3 Dec 2023

The Week in Detail: Smokefree, Judith Collins, and woke-washing

From The Detail, 2:00 pm on 3 December 2023

Every weekday, The Detail makes sense of the big news stories.

This week, a US court case claiming Google's overreaching on users' privacy, a look inside an Auckland start-up incubator wanting to shake up the future of carbon emissions, what the new government's rollback of the Smokefree 2025 legislation means, the return of battle-hardened Judith Collins to the halls of power, and how big brands are getting caught out for being faux-progressive.

Whakarongo mai to any episodes you might have missed.


Google: The monopoly we don't want to live without

We use it to ask our most pressing questions about life and the universe.

We also give it a great many details about our personal life – where we live, what we buy, and where we browse.

FRANCE, PARIS, 2023-06-14. VivaTech, Vivatechnology 2023 is the global meeting place for start-ups and tech leaders. At the Porte de Versailles in Paris, the innovation fair. Business, but especially AI, artificial intelligence has all the sauces. About 2,400 start-ups, from around thirty countries and institutional investors and large groups.
FRANCE, PARIS, 2023-06-14. VivaTech, Viva Technology 2023 c est le rendez-vous mondial des start-up et leaders de la tech. A la Porte de Versailles de Paris le salon des innovations. Business, mais surtout l IA, de l’intelligence artificielle a toutes les sauces. Environ 2.400 start-up, originaires d’une trentaine de pays et des investisseurs institutionnels et de grands groupes. GOOGLE.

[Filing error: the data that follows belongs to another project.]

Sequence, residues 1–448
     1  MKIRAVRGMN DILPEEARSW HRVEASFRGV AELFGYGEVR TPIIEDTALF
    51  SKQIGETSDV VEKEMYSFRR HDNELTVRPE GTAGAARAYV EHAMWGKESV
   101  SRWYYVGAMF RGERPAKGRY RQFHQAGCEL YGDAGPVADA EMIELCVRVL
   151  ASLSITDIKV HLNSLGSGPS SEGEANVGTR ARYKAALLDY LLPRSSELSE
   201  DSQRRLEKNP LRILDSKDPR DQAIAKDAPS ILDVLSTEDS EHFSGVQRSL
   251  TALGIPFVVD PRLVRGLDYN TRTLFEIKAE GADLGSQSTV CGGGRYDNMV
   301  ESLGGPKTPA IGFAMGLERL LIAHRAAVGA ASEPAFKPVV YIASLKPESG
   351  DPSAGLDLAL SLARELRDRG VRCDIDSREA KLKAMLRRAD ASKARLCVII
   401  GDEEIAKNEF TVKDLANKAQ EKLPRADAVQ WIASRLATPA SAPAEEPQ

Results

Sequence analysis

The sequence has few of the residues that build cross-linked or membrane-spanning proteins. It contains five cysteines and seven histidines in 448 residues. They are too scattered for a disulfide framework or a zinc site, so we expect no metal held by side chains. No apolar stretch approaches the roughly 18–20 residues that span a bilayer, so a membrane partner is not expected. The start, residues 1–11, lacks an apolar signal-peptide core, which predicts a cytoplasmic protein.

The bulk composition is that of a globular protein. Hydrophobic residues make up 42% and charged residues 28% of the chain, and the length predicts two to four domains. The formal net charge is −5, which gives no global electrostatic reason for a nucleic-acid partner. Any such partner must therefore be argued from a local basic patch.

Photography by Riccardo Milani / Hans Lucas (Photo by Riccardo Milani / Hans Lucas / Hans Lucas via AFP)

"Every time you're searching, Google is now showing you ads. Every time you click on an ad, Google earns money, and in turn, Google shares some of that revenue with the companies that provide Google," says Ananish Chaudhuri. Photo: AFP

And this year, in a landmark anti-trust trial, the US Department of Justice has claimed the search engine giant acts as a monopoly, illegally paying billions of dollars to Apple, Samsung, LG and others to make Google the default search engine on phones and computers.

Tom Kitchin talks to Auckland University professor of experimental economics Ananish Chaudhuri about the implications for New Zealand, and the online world at large.

The deep tech sector dreaming up ways to save the planet

In a nondescript concrete building in a backstreet of Parnell, some big brains are at work on projects that could help save the world from climatic and environmental meltdown.

Sean smiles at the camera. He is standing outside an office building. The window of the business says "OUTSET VENTURES - THE HOME OF DEEP TECHNOLOGY".

Sean Simpson is the founder of LanzaTech, the clean energy company now worth billions. He chairs Outset Ventures in Parnell. Photo: Sharon Brettkelly

The aptly named Future House is home to Outset Ventures, an incubator for more than 20 start-ups that are developing products that are better for the environment, including new types of concrete and pesticides.

Sharon Brettkelly pays a visit to the building, which houses over a hundred PhDs.

Disbelief as a smokefree generation slips away

The decision that's shocked the health sector was hidden away as the 16th bullet point on page eight of the 15-page New Zealand First coalition agreement, and also on page eight (as the 21st bullet point) on ACT's agreement. 

Labour's world-beating, globally-lauded amendments to our Smokefree legislation are set to be repealed